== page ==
__
TR21-053 | 13th April 2021 10:06
__

#### Information in propositional proofs and algorithmic proof search

**Abstract:**
We study from the proof complexity perspective the (informal) proof search problem:

Is there an optimal way to search for propositional proofs?

We note that for any fixed proof system there exists a time-optimal proof search algorithm. Using classical proof complexity results about reflection principles we prove that a time-optimal proof search algorithm exists w.r.t. all proof systems iff a p-optimal proof system exists.

To characterize precisely the time proof search algorithms need for individual formulas we introduce a new proof complexity measure based on algorithmic information concepts. In particular, to a proof system P we attach {\bf information-efficiency function} $i_P(\tau)$ assigning to a tautology a natural number, and we show that:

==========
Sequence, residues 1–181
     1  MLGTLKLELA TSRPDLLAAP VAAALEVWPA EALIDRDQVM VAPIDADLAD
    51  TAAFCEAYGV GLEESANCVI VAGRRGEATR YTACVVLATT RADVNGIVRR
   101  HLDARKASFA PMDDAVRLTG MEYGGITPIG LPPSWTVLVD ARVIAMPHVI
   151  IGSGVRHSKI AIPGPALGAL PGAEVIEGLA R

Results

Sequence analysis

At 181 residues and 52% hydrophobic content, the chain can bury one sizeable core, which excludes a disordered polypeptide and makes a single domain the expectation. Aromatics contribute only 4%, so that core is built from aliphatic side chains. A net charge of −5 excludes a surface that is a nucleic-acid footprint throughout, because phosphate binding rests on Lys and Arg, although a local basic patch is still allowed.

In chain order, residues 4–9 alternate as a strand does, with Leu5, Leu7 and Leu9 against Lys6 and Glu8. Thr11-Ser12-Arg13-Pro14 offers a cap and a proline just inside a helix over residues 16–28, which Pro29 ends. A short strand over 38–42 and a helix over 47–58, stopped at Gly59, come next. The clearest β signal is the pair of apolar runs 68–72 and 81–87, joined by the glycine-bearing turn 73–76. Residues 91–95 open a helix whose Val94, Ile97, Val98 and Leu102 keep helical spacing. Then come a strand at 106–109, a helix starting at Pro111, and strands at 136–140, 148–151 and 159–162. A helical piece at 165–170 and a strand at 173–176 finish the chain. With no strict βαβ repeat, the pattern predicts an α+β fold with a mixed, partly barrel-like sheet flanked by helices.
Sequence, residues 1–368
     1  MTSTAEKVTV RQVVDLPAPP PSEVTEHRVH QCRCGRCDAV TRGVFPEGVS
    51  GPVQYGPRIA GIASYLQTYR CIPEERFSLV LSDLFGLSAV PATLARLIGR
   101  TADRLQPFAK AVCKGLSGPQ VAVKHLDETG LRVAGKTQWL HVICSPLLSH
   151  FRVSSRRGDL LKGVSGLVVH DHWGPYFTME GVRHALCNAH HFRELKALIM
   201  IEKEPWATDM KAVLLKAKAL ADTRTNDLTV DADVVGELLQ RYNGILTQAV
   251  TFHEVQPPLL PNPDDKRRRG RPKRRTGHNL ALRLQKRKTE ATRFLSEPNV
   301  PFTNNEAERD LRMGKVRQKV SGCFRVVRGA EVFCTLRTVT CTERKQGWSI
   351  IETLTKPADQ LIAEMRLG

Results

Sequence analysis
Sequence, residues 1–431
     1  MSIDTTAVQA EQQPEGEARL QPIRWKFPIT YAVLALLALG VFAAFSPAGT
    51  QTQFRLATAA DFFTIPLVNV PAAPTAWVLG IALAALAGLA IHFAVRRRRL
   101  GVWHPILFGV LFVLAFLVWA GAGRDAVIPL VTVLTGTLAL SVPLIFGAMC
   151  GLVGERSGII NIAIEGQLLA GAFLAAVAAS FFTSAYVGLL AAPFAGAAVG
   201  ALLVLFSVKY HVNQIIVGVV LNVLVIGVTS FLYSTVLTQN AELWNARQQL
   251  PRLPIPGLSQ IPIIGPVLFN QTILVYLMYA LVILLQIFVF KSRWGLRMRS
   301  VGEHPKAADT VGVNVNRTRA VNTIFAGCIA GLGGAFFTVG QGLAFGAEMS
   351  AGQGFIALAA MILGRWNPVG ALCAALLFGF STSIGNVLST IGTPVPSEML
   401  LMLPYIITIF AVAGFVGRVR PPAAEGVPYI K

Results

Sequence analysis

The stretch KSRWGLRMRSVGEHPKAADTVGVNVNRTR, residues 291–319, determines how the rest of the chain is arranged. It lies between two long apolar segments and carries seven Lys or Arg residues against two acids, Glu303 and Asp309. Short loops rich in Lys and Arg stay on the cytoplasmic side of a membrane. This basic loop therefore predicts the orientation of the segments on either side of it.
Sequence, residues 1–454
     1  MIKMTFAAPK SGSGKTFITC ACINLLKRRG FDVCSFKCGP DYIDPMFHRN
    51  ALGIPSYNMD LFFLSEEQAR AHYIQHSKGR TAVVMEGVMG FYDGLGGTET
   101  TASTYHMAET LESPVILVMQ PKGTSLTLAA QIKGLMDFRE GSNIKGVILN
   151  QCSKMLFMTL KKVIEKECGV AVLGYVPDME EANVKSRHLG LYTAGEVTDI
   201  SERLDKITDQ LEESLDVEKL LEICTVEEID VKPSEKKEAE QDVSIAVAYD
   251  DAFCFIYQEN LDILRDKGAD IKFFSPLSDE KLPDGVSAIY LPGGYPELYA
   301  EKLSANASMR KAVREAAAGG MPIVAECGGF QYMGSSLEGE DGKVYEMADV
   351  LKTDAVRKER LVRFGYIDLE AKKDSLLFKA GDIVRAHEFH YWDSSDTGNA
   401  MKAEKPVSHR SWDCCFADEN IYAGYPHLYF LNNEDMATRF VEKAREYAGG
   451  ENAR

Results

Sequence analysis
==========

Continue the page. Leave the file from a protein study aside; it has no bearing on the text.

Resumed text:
- $i_P(\tau)$ characterizes time any $P$-proof search algorithm has to use on $\tau$ and that for a fixed $P$ there is such an information-optimal algorithm,

- a proof system is information-efficiency optimal iff it is p-optimal,

- for non-automatizable systems $P$ there are formulas $\tau$ with short proofs but having large information measure $i_P(\tau)$.

We isolate and motivate the problem to establish {\em unconditional} super-logarithmic lower bounds for $i_P(\tau)$ where no super-polynomial size lower bounds are known. We also point out connections of the new measure with some topics in proof complexity other than proof search.